Through reflex – or automatic – testing, tissue samples are tested for biomarkers immediately after a non-small cell lung cancer (NSCLC) diagnosis. This way, oncologists receive the results at the patient’s first visit, with the goal of initiating the most appropriate therapy as early as possible. The results from surveyed pulmonologists and pathologists suggest that they have started to embrace reflex testing, but there is a potential to increase its use:

  • Nearly half (43%) of pulmonologists implement reflex testing of NSCLC patients in their practice or local healthcare community.
  • One-third of pathologists (33%) say such reflex testing has been implemented in their practice.

Biomarker testing has significant implications for patients because, as revealed in the 2011 survey of community oncologists, of those who said they order biomarker testing, 89 percent (78/88) stated that genetic mutation testing helps with treatment decisions. All of the 95 community oncologists surveyed plan treatment differently for lung cancer patients who have a genetic mutation.

The Growing Role of the Multidisciplinary Team

A multidisciplinary approach to a patient’s lung cancer diagnosis is important, as it can help streamline the testing process and personalize treatment decisions. Results from surveyed pulmonologists and pathologists suggest that they are increasingly utilizing a multidisciplinary approach – which is good news for patients:

  • Pulmonologists and pathologists report having increased discussions with a multidisciplinary team over the past five years (65% and 57%, respectively).
  • Majorities of pulmonologists and pathologists consult with oncologists (85% and 92%, respectively).

“The medical community is moving in a positive direction, but an opportunity exists for greater collaboration in incorporating biomarker testing into a patient’s care early on, with the goal of initiating an appropriate lung cancer treatment plan as soon as possible,” said Kevin Lokay , vice president and business unit head, Oncology, Boehringer Ingelheim Pharmaceuticals, Inc. “We are proud to be part of this movement, and it is encouraging to see how this multidisciplinary approach to testing is already having a significant impact on the diagnosis and care of cancer patients.”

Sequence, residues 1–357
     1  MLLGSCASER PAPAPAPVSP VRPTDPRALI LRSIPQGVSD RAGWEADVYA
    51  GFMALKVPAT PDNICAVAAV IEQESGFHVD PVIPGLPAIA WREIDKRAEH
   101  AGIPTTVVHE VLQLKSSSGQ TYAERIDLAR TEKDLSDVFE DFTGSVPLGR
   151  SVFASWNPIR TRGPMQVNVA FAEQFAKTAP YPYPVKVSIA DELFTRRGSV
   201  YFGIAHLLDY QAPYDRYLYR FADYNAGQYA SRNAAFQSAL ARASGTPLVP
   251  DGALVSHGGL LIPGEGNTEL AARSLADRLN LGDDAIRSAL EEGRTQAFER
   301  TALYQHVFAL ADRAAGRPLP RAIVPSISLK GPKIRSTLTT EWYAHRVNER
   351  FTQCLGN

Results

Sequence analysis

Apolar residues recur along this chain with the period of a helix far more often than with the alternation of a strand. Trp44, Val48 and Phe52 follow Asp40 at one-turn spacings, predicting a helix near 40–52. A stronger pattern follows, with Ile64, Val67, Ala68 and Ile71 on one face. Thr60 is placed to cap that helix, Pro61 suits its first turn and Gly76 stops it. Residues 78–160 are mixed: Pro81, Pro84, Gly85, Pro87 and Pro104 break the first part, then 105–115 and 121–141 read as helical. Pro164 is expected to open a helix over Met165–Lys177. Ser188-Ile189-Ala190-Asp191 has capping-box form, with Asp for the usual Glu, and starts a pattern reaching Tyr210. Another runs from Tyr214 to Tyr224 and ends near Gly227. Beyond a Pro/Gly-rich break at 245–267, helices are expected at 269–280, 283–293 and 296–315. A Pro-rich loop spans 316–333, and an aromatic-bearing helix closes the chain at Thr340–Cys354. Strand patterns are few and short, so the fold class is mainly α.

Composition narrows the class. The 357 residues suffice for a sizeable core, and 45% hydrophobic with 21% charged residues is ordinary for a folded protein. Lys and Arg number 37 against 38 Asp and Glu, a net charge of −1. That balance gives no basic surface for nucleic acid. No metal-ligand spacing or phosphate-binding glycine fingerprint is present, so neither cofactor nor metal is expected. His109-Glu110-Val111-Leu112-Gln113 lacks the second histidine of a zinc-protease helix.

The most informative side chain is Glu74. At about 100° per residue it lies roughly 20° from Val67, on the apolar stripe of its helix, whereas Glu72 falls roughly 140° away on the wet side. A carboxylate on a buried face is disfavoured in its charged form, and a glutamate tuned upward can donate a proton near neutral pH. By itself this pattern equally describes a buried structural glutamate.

The surveys complement BIPI’s Let’s Test initiative, which aims to educate healthcare professionals about the important role they play in the diagnosis and treatment of NSCLC, and the critical role of biomarker testing. The initiative, which also highlights the need for a multidisciplinary approach, demonstrates Boehringer Ingelheim’s commitment to advancing the care and outcomes for patients with cancer.

Source: PR Newswire

New Article in PLOS Currents: Evidence on Genomic Tests Supports Use of Veracyte’s Afirma Gene Expression Classifier to Resolve Ambiguous Thyroid Nodule Biopsies

Veracyte, Inc. recently announced that a new review article published in PLOS Currents: Evidence on Genomic Testsconcludes that published studies and independent assessments and reviews of the Afirma Gene Expression Classifier support the test’s use to help resolve inconclusive results on thyroid nodule fine needle aspiration (FNA) samples, and thus help patients avoid unnecessary surgery as part of thyroid cancer diagnosis. The findings also reinforce recent guidelines from the National Comprehensive Cancer Network (NCCN) recommending that physicians consider using molecular testing in lieu of diagnostic surgery for patients with ambiguous thyroid nodule FNA results – provided the test’s performance is similar in accuracy to a benign diagnosis by cytopathology.